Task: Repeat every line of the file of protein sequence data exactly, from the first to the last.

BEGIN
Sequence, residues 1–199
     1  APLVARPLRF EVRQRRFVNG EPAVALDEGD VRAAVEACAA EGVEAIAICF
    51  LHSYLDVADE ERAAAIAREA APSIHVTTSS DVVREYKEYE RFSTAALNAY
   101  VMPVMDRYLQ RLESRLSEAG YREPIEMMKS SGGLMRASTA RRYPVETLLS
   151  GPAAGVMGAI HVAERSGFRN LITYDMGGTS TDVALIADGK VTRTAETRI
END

Sequence, residues 1–199
     1  APLVARPLRF EVRQRRFVNG EPAVALDEGD VRAAVEACAA EGVEAIAICF
    51  LHSYLDVADE ERAAAIAREA APSIHVTTSS DVVREYKEYE RFSTAALNAY
   101  VMPVMDRYLQ RLESRLSEAG YREPIEMMKS SGGLMRASTA RRYPVETLLS
   151  GPAAGVMGAI HVAERSGFRN LITYDMGGTS TDVALIADGK VTRTAETRI